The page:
I don't have the kind of memories I'm sure most people have of their grandpas but mine are special in their own way. My grandpa wasn't the type to hide candy in his pockets or smother with hugs and kisses but was a true example, always teaching something. He was a do-er. Always moving. Even when visiting my home growing up he was the first one awake every morning and usually outside as the sun was coming up, pruning trees or pulling weeds. instead of telling jokes at the dinner table he would quiz us on capitols of the world or tell us where our names originated from. He was very interested in our accomplishments and would often send us articles from the ensign or a newspaper about something important that reminded him of one of us or an article to "hint" at a way to better ourselves. He sometimes "red penned" letters we sent him to correct grammatical errors or misspelled words. Although it sounds annoying I think we all appreciated the time he took to teach us. My grandpa was a doctor, a neurosurgeon, and spent quite a bit of time over seas after his retirement helping to organize hospitals and perform surgeries. My sisters Oakley and Summer were able to accompany him on one trip to Ethiopia and see him in action. My grandpa was extremely healthy his whole life. I can remember hiking Mount Timpanogos, a two day hike, with him and some cousins when I was younger. He loved being outside. He started running marathons in his sixties! He only outlived his dad by barely a year which was a shock to us all. His dad lived just shy of his 109th birthday. The saddest part of grandpa's death was that I think he thought he had years left and the cancer took him incredibly fast. I wasn't with him through the last days of his life but from what I understand, he was happy and even though in pain, an incredibly good sport. We will all miss him deeply.
Grandpa we love you and can't wait to see you again someday.
Below I've included his obituary;
John Russell Clark of St. George, Utah, passed away on June 8, 2010, of pancreatic cancer. An avid marathon runner since the age of 61, John was known to many as a very health-conscious physician. When his own father passed away nine months ago at nearly 109 years of age, many agreed that John would be another centenarian and possibly even outlive Russell B. Clark. "Clarks don't get cancer," he had told his family in recent years, having conducted a study of his genealogy in 1981 which revealed that his progenitors had mostly died of old age, strokes, and bicycle or car accidents.
John was born in Chicago, Illinois on November 19, 1933, to Russell B. and Ruby Dorius Clark. John learned the meaning of "work" at an early age, spending his summers on the family farm in Georgetown, Idaho. His early interest in medicine was encouraged while working alongside his father, a well-established physician in Chicago. The family moved to southern California during John's high school years. He later attended Stanford University where he met his wife, Antoinette Evans. They were married April 18, 1957 in the Salt Lake Temple, then moved to Philadelphia so he could complete his studies at Hahnemann Medical School in 1959. Their six children were born in Philadelphia, Hawaii, Salt Lake City, and Long Beach before John set up his neurosurgical practice in Chico, California, in 1969. The family remained in Chico for 25 years, where John's professional and community service included the Boy Scouts of America, the Butte-Glenn County Medical Society, and the American Academy of Neurological Surgeons, among others. Politically active in the community, John spear-headed numerous fundraisers and campaigns from their vibrant home, and an open-door policy brought in many foster children over the years.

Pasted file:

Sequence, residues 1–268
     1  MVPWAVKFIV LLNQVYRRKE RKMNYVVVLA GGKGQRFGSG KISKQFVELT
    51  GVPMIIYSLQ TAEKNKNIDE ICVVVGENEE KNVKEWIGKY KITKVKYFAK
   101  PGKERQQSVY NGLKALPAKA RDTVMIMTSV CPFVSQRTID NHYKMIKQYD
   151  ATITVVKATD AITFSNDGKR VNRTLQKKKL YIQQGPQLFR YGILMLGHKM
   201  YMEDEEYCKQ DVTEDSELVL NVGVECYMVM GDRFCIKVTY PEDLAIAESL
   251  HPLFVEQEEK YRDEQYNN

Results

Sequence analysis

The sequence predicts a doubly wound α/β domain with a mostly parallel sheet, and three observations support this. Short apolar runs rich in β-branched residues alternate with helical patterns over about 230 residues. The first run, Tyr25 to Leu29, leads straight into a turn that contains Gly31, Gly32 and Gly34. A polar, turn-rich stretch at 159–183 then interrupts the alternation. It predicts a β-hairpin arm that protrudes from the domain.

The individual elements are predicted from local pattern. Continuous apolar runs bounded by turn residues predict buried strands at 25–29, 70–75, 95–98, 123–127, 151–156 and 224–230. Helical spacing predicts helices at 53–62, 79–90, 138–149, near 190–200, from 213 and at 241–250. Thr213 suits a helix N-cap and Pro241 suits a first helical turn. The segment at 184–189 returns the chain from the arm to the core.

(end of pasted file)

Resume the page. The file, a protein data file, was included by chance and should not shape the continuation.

John had obtained his pilot's license and enjoyed flying with his family, as well as water-skiing, snow-skiing, and mountain-climbing. More than reaching the top himself, John's greatest thrill was to tow others using a rope tied around his waist. He often told his grandchildren, "Someday you will do the same for me."
In 1991, John was called into active military duty during Desert Storm, and his service in Dubai and Kuwait meant leaving his thriving medical practice in Chico. Upon his return, John and Antoinette began their transition to Utah, but retirement brought no slowing of his pace. At age 61, he began running two marathons each year, totaling 24 marathons by his final age of 76.
John was active in the Church of Jesus Christ of Latter-day Saints all of his life, serving in various capacities. Favorite callings included scoutmaster and bishop. He loved to meet new people, always showing his interest in others. He often championed the underdog, quietly doing good and building the lives of others. After retirement, John regularly traveled to Ethiopia as a volunteer humanitarian doctor, treating patients and training medical students at the University of Addis Ababa and the Black Lion Hospital. He has also served medical missions in Guatemala, Singapore, Tanzania, China and Bulgaria.
He is survived by his wife, Antoinette Evans Clark, and his children: April Clark Clive (Cliff); John Evans Clark (Kathleen); David Dorius Clark (Dodie); Sara Clark Madsen (Steve); Wendy Clark Ludlow (Brian); and Colleen Niau Clark Fear (Paul). He is also survived by 29 grandchildren and 15 great-grandchildren. Two sisters include Beverly Clark Johnson (Dale) and Barbara Clark Boies (Bob), and two brothers, Robert Brent Clark (Anne) and Stephen Craig Clark (Lindi).
Funeral services will be held Friday, June 18, 2010 at 3:00 p.m. in the Bloomington Third Ward chapel at 3519 Manzanita Road, St George, Utah. A viewing will be held beginning at 1:00 p.m. that afternoon. Interment will be in the Salt Lake City Cemetery at 2:00 p.m. on Saturday, June 19, located at 200 N Street, Salt Lake City, Utah.